“Up to the age of thirty, or beyond it, poetry of many kinds, such as the works of Milton, Gray, Byron, Wordsworth, Coleridge, and Shelley, gave me great pleasure . . . But now for many years I cannot endure to read a line of poetry; . . . My mind seems to have become a kind of machine for grinding general laws out of large collections of facts . . . If I had my life to live over again, I would have made a rule to read some poetry and listen to some music at least once every week. The loss of these tastes is a loss of happiness, and may possibly be injurious to the intellect, and more probably to the moral character, by enfeebling the emotional part of our nature.”
Here are two stories about fitting in, standing out, and being yourself, one from Scotland and one from Wales. Both stories align with this adage from Bernard Baruch that I hope you know already:
“Be who you are and say what you feel, because those who mind don’t matter, and those who matter don’t mind.”
Then there’s this query from author and speaker Ian Wallace:
“Why are you trying so hard to fit in when you were born to stand out?”
Coming from Scotland, Tom Smart makes some really fine points about gardening and the pleasure of being outdoors. He describes a recent conversation with a person who complained about cutting his lawn Read more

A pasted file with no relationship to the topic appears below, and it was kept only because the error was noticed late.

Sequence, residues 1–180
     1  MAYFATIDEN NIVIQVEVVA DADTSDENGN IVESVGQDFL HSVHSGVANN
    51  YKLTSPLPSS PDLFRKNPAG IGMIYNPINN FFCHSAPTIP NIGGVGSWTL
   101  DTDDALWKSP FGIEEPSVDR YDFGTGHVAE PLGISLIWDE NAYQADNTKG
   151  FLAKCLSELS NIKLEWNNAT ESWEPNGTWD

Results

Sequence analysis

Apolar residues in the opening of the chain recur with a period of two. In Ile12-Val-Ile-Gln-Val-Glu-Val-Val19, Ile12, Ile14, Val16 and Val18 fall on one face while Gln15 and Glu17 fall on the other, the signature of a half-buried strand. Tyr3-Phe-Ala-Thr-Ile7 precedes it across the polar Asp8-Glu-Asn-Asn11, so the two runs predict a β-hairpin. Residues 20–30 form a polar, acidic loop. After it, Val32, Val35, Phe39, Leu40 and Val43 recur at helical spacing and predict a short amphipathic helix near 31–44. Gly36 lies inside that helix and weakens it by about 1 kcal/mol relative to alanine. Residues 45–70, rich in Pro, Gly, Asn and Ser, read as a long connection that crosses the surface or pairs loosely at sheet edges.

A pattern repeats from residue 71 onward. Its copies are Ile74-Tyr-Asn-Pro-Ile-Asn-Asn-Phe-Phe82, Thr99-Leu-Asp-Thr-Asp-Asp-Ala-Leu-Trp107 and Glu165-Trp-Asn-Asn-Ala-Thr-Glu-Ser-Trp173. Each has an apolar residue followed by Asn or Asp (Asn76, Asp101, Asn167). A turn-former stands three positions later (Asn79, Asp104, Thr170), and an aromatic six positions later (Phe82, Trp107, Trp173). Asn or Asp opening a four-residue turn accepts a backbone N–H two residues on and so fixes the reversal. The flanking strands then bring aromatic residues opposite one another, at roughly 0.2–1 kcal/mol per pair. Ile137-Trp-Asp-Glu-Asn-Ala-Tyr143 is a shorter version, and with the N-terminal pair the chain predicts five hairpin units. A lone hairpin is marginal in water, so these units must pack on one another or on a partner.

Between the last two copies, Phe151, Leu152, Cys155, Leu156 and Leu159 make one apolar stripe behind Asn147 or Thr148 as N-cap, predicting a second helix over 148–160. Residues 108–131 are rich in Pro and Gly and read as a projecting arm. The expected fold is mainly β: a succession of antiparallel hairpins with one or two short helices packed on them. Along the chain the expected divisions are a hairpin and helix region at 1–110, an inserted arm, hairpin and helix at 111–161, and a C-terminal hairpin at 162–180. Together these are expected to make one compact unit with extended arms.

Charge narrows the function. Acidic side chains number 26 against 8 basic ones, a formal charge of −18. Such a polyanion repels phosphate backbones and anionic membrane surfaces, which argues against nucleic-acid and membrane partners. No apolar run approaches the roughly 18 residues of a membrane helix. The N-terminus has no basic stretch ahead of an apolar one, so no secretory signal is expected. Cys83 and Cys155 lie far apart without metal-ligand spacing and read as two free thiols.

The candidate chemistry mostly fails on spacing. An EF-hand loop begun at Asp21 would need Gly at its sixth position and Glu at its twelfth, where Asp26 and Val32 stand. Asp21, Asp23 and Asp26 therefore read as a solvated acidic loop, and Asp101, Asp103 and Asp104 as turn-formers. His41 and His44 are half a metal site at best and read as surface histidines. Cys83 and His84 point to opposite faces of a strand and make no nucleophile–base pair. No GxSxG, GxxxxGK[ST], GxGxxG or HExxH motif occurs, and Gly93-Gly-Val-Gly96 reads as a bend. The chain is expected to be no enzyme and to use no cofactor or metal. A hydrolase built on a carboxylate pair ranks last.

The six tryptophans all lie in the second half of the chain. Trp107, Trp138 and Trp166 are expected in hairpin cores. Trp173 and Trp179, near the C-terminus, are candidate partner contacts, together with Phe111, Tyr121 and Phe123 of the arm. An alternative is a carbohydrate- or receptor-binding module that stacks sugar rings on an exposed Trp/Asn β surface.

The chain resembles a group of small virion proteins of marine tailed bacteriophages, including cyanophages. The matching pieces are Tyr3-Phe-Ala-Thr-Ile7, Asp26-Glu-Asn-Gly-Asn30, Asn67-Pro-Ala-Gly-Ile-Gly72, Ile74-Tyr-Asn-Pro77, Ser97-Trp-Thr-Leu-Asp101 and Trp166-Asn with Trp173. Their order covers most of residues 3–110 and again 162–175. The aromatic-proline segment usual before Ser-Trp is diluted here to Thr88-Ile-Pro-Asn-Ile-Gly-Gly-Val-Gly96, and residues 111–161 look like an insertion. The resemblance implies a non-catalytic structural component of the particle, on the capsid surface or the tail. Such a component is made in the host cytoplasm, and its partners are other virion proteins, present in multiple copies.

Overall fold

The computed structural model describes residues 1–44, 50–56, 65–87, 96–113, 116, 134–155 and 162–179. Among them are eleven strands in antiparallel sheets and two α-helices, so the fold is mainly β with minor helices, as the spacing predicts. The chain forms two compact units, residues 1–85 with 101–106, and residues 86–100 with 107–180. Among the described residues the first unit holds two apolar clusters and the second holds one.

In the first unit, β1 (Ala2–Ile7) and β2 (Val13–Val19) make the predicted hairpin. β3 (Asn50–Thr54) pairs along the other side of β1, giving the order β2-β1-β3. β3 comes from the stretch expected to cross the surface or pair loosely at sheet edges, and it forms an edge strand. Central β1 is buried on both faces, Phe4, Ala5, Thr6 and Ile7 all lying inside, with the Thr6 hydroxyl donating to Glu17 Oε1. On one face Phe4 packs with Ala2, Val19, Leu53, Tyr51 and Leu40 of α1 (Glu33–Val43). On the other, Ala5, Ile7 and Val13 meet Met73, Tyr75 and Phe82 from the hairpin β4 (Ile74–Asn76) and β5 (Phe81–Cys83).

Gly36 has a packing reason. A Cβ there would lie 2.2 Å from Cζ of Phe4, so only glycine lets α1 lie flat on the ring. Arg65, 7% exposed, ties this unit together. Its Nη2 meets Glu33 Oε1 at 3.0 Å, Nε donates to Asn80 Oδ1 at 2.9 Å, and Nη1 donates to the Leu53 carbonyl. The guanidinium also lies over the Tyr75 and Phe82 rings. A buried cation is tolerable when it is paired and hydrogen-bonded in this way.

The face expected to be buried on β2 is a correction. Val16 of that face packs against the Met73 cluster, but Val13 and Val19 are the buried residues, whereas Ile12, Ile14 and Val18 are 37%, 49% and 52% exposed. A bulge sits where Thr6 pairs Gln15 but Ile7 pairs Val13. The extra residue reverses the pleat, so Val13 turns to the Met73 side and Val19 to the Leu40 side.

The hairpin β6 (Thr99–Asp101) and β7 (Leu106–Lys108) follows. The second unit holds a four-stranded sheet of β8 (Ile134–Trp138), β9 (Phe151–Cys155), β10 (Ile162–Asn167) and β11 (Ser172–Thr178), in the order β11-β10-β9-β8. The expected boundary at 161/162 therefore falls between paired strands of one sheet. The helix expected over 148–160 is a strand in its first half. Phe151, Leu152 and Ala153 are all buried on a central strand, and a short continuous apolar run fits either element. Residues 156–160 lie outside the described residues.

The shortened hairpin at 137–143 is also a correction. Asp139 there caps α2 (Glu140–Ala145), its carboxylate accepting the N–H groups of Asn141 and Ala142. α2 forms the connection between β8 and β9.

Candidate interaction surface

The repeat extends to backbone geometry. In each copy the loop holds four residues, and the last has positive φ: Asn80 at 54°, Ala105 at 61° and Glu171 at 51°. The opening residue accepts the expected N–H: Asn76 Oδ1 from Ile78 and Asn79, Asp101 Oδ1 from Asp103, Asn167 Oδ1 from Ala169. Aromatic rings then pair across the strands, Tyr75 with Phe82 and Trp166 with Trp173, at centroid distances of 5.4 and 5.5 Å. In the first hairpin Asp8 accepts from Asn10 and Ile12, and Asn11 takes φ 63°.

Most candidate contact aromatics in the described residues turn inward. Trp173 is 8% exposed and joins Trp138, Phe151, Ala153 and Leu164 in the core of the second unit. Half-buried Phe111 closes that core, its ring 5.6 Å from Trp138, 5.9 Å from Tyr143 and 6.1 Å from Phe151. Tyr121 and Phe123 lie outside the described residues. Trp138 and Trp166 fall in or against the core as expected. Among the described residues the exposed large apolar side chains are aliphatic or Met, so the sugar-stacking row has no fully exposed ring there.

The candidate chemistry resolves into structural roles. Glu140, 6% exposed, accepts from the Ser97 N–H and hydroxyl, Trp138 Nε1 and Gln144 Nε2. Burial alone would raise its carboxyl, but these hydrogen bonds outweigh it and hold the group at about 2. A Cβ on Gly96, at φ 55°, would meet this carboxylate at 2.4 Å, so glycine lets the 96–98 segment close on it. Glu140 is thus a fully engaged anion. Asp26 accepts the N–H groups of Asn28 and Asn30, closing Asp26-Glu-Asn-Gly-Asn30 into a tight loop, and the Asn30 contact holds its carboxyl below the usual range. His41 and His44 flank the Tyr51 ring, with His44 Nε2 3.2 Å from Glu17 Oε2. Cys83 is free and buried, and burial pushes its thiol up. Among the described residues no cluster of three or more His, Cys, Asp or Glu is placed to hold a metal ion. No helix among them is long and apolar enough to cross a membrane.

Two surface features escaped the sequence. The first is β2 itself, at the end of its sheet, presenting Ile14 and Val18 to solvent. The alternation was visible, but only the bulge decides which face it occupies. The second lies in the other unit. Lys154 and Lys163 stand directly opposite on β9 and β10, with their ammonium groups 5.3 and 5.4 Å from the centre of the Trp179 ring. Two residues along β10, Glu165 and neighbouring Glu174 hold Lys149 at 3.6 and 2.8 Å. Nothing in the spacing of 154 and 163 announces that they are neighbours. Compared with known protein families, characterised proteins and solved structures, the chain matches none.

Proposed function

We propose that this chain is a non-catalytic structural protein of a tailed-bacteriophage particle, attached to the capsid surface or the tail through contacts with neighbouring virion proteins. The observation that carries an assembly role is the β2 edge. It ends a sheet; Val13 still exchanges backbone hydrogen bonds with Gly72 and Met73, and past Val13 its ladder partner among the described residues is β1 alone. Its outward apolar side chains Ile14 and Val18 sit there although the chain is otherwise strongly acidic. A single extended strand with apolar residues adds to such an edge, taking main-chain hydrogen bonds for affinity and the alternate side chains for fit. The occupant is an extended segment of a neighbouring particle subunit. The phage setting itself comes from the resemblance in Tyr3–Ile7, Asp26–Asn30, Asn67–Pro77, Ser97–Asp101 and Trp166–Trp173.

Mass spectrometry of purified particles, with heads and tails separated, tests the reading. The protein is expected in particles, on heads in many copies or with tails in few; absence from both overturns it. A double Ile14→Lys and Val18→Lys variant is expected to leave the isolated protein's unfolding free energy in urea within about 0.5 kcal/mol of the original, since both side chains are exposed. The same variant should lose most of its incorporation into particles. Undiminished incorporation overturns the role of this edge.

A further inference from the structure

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To be interested in the changing seasons is a happier state of mind than to be hopelessly in love with spring.
As a young adult, when the French pianist-composer Claude Debussy was living in Rome as a laureate of the Rome Prize, he was expected to send works back to Paris indicating his artistic progress. One of them was supposed to be a symphony or a piece of similar scope for orchestra. In fact, he hardly completed anything because he was trying to write music “that is supple and concentrated enough to adapt itself to the lyrical movements of the soul and the whims of reverie.” It also helps to acknowledge he was a meticulous craftsman and re-writer who held himself to an exceedingly high standard and an innovator who wasn’t content to write music the way it had been before.
One of the few things he did complete and send was a piano duet called Spring, and he added that the full score for orchestra, piano, and chorus had been lost Read more